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Insurance industry reacts to government’s annuity decision

Insurance industry reacts to government’s annuity decision | Insurance Business

Insurance industry reacts to government’s annuity decision
The Treasury has taken the decision to abandon its plans that would have allowed pensioners to raise money by selling their annuities.

Insurers have generally reacted with overwhelming relief, with the Association of British Insurers (ABI) labelling it “the right decision”.

The plan had sparked fears that there may be another mis-selling scandal with the government admitting that pensioners might be lured into selling annuities – an income for life – in exchange for a lump sum. The previous Chancellor indicated that the plans would extend pension freedoms and provide those with defined contribution pensions complete freedom to use them as they wish from age 55.

“All the signs were the secondary annuity market would have been a pension freedom too far,” said Steven Cameron, Aegon’s pensions director in comments to Insurance Business. “Giving up a guaranteed income for life is a huge decision and while a small minority of people might have benefitted, this would not have been right for the vast majority, opening them up to making decisions they might later regret. Both the Government and the FCA openly accepted this.

“The existing pension freedoms are very positive, but also place new responsibilities and hence risks on individuals. Having freedom to take as much or as little income from your pension fund whenever you like after age 55 creates risks of running out of money unless you lock into some form of guarantee. The secondary annuity market added further risks including realising too late you needed the income, getting a poor deal from a third party purchaser, being scammed or finding you had disqualified yourself from means tested benefits by spending the lump sum and leaving nothing to live off.”

The general consensus is that most people would be better off sticking with their existing annuities.
“This was always going to be a temporary market for those who already have annuities,” added Cameron. “Going forward no one will be forced to buy an annuity, although it will still be an option. Income drawdown will provide much more flexibility. But for those who still want some security, income drawdown can now be purchased with an element of guarantee built in.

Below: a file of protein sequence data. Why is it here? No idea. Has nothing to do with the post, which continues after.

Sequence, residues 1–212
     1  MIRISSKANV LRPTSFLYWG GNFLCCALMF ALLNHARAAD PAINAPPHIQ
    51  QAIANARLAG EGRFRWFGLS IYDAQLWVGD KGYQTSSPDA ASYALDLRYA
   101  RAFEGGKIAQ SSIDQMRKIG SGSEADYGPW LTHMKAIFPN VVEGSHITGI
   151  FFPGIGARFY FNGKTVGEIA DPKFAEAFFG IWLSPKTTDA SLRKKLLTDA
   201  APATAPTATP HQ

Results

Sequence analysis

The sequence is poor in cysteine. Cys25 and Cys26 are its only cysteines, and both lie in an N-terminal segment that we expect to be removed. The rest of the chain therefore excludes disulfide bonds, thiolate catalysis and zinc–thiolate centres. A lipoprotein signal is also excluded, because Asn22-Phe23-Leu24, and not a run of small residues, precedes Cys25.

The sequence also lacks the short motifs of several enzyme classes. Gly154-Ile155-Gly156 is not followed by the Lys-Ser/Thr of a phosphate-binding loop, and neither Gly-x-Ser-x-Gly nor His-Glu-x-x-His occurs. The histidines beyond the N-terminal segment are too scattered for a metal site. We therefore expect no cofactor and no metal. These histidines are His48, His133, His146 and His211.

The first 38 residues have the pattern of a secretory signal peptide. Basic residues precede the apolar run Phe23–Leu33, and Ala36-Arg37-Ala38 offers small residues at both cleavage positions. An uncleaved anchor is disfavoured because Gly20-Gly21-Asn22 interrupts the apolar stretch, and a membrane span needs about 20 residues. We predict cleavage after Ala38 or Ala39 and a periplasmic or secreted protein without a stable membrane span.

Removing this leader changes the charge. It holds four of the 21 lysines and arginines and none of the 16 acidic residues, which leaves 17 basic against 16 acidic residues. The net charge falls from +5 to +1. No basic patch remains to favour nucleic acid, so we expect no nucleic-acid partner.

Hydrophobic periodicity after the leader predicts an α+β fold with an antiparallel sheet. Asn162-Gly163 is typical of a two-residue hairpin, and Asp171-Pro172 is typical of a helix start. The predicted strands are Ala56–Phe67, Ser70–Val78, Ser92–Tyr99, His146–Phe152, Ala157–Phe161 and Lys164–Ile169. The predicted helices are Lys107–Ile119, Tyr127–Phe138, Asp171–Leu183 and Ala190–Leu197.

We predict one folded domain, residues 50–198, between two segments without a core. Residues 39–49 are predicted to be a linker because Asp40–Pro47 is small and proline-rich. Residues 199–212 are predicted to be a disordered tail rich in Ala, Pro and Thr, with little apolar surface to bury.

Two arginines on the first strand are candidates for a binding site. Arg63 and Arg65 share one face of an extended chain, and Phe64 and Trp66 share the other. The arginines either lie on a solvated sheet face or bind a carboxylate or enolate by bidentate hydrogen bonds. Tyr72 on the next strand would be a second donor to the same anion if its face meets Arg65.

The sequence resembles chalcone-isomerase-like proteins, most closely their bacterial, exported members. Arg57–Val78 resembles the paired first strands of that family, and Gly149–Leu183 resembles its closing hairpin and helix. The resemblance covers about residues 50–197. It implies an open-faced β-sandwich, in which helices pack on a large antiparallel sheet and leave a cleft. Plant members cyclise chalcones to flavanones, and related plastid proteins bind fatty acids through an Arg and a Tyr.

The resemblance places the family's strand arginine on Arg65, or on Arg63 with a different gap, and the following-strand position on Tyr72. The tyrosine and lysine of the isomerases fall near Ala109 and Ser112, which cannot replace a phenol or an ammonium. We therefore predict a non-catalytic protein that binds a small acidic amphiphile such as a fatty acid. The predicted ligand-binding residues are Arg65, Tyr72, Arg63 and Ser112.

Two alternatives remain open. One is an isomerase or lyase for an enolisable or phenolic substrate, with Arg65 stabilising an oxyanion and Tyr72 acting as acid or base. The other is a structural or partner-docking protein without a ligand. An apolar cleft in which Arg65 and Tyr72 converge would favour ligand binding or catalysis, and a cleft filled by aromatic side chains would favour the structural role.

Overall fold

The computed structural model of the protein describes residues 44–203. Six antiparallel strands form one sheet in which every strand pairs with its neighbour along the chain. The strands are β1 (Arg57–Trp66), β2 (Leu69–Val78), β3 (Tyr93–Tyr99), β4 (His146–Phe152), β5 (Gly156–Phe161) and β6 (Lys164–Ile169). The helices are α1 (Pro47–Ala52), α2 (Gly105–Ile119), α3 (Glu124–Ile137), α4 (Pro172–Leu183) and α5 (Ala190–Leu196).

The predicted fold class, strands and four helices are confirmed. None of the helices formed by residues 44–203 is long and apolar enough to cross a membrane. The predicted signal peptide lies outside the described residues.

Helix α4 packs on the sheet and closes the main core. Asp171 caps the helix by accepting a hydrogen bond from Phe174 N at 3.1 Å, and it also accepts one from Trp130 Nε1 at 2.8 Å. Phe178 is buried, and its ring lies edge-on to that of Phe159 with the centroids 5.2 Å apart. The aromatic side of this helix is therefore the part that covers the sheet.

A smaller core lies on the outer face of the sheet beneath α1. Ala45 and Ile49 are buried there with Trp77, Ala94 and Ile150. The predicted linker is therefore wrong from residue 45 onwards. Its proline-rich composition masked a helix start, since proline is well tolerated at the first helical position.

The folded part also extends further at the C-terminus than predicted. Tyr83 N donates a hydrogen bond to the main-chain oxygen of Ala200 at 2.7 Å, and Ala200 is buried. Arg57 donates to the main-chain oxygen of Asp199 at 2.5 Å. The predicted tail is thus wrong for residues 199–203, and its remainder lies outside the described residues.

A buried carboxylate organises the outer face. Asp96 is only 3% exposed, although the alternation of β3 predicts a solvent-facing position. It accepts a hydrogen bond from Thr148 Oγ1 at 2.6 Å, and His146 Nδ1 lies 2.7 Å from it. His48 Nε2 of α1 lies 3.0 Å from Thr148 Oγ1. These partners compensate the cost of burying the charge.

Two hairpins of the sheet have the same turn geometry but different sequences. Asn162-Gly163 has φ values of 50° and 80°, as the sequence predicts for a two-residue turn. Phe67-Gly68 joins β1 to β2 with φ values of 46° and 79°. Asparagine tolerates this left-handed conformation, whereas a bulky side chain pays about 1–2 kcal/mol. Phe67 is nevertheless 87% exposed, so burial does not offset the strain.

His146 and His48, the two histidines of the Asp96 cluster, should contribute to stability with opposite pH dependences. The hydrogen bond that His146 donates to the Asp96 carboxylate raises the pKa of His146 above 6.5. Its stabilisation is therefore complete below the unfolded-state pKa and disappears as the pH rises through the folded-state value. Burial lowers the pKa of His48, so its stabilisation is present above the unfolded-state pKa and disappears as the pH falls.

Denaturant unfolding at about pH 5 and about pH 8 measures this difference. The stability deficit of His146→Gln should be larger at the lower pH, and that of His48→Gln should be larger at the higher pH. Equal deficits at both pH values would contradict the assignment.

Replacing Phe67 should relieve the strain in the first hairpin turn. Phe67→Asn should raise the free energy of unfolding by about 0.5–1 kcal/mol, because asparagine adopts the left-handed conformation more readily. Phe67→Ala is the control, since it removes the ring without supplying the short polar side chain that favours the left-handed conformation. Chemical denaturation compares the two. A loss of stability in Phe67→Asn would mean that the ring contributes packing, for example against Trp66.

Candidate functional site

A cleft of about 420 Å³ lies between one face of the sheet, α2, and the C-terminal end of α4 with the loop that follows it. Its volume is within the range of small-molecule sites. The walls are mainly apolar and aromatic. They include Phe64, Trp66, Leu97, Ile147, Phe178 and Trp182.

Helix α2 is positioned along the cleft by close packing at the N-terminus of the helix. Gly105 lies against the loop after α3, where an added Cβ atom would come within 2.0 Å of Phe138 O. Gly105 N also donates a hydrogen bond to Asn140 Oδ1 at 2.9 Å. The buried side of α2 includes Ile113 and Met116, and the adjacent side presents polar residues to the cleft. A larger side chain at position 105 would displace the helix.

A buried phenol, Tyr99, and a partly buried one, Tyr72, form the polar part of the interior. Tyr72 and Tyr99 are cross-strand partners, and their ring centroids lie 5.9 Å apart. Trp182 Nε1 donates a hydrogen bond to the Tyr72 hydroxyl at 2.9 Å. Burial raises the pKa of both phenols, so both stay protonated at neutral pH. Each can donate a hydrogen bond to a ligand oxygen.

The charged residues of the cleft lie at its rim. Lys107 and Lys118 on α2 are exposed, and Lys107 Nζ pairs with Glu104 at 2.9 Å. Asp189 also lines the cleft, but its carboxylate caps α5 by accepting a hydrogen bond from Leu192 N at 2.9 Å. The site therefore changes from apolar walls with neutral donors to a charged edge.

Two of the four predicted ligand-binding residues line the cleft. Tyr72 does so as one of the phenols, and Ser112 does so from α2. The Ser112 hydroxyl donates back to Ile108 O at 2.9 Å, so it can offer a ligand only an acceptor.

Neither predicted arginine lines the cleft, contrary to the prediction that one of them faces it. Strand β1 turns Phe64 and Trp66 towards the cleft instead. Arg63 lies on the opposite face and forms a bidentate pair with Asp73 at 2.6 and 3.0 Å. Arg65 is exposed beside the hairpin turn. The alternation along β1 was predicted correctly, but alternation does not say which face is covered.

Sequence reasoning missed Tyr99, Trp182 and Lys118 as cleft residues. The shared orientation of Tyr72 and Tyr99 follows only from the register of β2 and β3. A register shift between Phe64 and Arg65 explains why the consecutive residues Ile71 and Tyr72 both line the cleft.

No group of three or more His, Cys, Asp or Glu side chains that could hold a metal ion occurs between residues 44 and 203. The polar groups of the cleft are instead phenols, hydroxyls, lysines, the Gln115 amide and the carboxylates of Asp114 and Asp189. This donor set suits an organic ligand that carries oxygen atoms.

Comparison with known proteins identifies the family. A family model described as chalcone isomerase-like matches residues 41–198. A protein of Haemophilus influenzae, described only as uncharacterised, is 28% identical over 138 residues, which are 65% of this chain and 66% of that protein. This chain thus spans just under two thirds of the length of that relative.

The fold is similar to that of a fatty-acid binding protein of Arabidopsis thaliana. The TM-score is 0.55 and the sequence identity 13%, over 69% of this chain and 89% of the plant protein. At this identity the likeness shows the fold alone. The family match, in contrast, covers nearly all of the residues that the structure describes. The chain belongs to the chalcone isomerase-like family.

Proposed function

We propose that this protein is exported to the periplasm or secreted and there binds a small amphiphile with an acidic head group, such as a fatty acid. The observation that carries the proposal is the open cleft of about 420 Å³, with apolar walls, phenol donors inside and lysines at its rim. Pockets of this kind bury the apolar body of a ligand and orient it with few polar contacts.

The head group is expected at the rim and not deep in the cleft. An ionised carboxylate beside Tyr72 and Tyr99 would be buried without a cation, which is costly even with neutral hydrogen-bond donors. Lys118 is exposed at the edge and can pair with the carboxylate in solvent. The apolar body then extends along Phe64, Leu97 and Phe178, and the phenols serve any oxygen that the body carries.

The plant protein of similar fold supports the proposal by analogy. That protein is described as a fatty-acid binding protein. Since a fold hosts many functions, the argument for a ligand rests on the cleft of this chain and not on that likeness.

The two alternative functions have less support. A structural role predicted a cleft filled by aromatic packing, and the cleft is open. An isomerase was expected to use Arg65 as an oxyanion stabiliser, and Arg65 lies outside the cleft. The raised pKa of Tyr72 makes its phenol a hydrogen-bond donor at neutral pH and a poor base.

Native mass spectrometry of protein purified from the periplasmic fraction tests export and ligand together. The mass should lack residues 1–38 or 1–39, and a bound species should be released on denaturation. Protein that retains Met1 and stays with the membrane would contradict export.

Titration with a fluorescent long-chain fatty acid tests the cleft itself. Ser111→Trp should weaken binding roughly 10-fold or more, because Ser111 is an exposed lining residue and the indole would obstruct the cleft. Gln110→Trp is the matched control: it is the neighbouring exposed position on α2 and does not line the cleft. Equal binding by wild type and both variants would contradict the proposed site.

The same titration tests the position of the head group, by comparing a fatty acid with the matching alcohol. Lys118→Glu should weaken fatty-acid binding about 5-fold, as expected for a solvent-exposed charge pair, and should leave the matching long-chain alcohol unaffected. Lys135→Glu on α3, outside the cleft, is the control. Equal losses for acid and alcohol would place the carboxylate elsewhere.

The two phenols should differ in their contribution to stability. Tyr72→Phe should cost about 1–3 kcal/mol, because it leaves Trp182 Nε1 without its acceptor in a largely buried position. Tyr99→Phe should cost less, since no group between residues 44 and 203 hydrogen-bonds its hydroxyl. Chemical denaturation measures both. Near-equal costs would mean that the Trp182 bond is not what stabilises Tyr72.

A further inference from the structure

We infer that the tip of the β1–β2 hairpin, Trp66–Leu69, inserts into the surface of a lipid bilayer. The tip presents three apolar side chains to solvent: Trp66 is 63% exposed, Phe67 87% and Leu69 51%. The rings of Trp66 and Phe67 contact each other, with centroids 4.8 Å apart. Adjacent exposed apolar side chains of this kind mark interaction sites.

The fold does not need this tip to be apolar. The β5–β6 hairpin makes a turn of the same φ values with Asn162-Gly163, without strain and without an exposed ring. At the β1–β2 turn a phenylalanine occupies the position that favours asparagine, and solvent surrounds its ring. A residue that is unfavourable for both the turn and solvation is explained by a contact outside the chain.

“The Treasury highlighted uncertainty over who would buy secondary annuities. There was also a huge uncertainty over whether advisers would have been prepared to enter this new, risky market with a disproportionate number of elderly and vulnerable customers. Before advisers would have been prepared to offer advice, they would have needed reassurance of what the regulator and the ombudsman expected from advice to avoid any risk of being criticised in hindsight.”

However, not everyone agreed that the turnaround was the right step.

Speaking to the BBC, former pensions minister Ros Altmann commented that it was a missed opportunity stating “it will be disappointing to tens of thousands of people who bought an annuity they didn’t want and didn’t need.”

In addition, Steve Webb, who was the pensions minister when the pensions freedoms idea was introduced, noted that the government had not handled the issue well.

“If you’ve got an annuity to sell, it’s very hard to work out what it's worth if you’re a member of the public,” he told the BBC.

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